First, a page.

Steamboat could be 1st city in Colorado to enact timeshare exchange tax | SteamboatToday.com
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Steamboat could be 1st city in Colorado to enact timeshare exchange tax

STEAMBOAT SPRINGS — After a lengthy discussion Tuesday night, four members of the Steamboat Springs City Council directed City Attorney Dan Foote to explore making Steamboat the first city in Colorado to tax timeshares. Council member Sonja Macys was absent from the meeting, and President Jason Lacy and member Robin Crossan recused themselves from the discussion due to conflicts of interest.

Tuesday was the first time the council discussed the timeshare tax, which would be assessed when a timeshare owner or member trades with an owner or member of another program. Exchanges are often facilitated by third-party exchange companies, and the owner or member deposits their points and then books something else of equivalent or lesser value. The exchange company then charges a fee, and the owner or member pays an annual fee.

Foote told council the main argument supporting implementation of this tax would be to make timeshares “pay up.”



“There’s definitely an equitable component to this,” Foote said. “There’s an argument to be made that these transactions should be taxed in order to equitably distribute the tax burden.”

While council members Lisel Petis, Michael Buccino, Kathi Meyer and Heather Sloop liked the idea and wanted to explore it further, they all agreed it’s complicated to understand and explain to voters, who would ultimately have to give the new tax the green light.



“It seems like this is a tough one to sell to the community if I don’t even fully understand it myself,” council member Michael Buccino said.

In addition to exploring a complicated issue, Foote said if the council chooses to move forward, it would likely face significant backlash from the timeshare industry, which he said has a powerful national presence and is staffed heavily with lobbyists.

“From my perspective, we’re going to be going up against Big Brother, and I’m wondering how much city money do we want to pay to go up against Big Brother,” Sloop said. “I think of this as an uphill battle.”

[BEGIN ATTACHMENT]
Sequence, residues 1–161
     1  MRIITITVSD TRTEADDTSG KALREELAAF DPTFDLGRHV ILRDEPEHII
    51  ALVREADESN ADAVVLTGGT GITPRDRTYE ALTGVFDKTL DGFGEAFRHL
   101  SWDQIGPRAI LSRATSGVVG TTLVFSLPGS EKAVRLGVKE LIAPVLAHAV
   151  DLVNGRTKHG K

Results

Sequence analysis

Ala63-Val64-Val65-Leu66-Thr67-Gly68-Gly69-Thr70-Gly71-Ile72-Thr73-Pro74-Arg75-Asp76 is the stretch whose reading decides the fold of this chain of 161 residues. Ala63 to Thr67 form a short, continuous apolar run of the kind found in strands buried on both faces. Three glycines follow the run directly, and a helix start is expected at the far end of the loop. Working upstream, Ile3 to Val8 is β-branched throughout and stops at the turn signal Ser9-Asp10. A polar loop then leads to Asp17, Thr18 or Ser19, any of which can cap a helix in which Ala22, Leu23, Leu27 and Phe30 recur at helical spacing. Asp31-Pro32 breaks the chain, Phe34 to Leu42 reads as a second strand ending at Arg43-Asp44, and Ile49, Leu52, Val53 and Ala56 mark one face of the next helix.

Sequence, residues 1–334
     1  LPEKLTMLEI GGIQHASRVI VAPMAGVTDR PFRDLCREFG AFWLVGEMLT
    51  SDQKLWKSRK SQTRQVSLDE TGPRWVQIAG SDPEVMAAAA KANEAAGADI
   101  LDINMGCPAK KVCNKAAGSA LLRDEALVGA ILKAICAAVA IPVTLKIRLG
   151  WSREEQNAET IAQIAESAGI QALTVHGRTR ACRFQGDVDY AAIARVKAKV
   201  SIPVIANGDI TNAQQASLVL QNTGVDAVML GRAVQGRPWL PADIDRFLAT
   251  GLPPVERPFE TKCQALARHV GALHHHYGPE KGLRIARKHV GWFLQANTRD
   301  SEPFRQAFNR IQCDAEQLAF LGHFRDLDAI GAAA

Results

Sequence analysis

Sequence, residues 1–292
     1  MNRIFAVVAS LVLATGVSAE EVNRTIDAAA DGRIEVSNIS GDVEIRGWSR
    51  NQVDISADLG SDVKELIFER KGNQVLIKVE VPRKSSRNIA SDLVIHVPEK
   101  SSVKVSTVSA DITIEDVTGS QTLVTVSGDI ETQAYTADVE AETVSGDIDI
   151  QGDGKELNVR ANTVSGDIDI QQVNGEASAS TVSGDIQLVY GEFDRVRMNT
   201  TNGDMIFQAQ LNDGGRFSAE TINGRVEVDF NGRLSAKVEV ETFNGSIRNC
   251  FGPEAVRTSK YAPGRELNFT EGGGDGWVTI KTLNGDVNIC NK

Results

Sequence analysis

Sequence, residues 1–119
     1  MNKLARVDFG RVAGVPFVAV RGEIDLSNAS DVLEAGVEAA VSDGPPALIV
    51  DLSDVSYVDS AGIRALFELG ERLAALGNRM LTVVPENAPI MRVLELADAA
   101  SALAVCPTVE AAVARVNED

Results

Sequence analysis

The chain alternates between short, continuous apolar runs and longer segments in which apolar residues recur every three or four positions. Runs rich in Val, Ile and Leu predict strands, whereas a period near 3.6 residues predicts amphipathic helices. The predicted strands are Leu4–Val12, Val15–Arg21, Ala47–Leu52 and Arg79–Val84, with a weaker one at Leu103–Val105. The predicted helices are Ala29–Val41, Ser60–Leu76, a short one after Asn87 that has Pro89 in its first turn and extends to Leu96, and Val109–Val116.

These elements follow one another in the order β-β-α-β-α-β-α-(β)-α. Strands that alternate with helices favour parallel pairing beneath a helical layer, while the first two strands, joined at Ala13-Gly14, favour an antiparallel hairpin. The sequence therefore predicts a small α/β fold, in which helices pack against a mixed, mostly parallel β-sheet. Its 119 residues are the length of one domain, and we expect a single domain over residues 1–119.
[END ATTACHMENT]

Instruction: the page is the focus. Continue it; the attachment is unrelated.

From a legal standpoint, Foote said at least one tax jurisdiction has ruled exchange transactions as taxable, which council members said gave them confidence if the timeshare industry chose to attempt legal action against the city.

“The timeshare industry does have a very well-funded group that generally opposes efforts to tax the industry,” Foote added.

All four council members agreed the timeshare industry has an “unfair loophole” as city sales tax does not apply to exchanges in the way it does to hotels and other lodging options.

“In many ways, timeshares are used like hotels, but they don’t have to pay the fees that lodging communities have to pay,” Petis said. “I don’t think we should be going to our community asking for more money if we’re not trying to get the money that’s right in front of us.”

Foote and City Finance Director Kim Weber said it is nearly impossible to determine how many timeshare units are located in the city and how many are occupied, but The Steamboat Grand, Legacy Vacation Club, The Village at Steamboat and Sheraton Steamboat Resort Villas are the four biggest examples.

Foote said it’s difficult to estimate how much revenue the city would garner from such a tax.

“There’s some validity to this, but I just don’t know how much money we’re going to get out of it to really get that big win in the city corner for our fiscal sustainability,” Sloop said. “We need to ask ourselves if we really want to be the first in the state to do this.”

Council members directed Foote to communicate with staff from Aspen and Vail, who the council agreed would likely have discussed such a measure, to see if those cities had engaged in such discussions, and if they had, why they chose not to move forward with the tax.

The timeshare tax comes as part of a larger conversation around fiscal sustainability. The city has long relied solely on sales tax until 2019 when voters passed Steamboat’s first property tax in 40 years.

COVID-19 and ensuing drops in tourism brought the issue back to the forefront, and over the past several months, City Council has discussed various tax options, including another property tax and a lift tax on Steamboat Resort.

Kara Stoller, CEO of the Steamboat Springs Chamber, then proposed a series of combined taxes to solve the city’s need for a more diversified tax revenue stream. The series would include a 2-mill property tax, a tax on timeshares in Steamboat, a 1% lodging tax for destination marketing, which Stoller said would directly benefit the lodging industry, and a potential lift tax for transportation to match sales tax in later years.

While council members expressed concern about putting three tax measures on the November ballot, all three are still being discussed.


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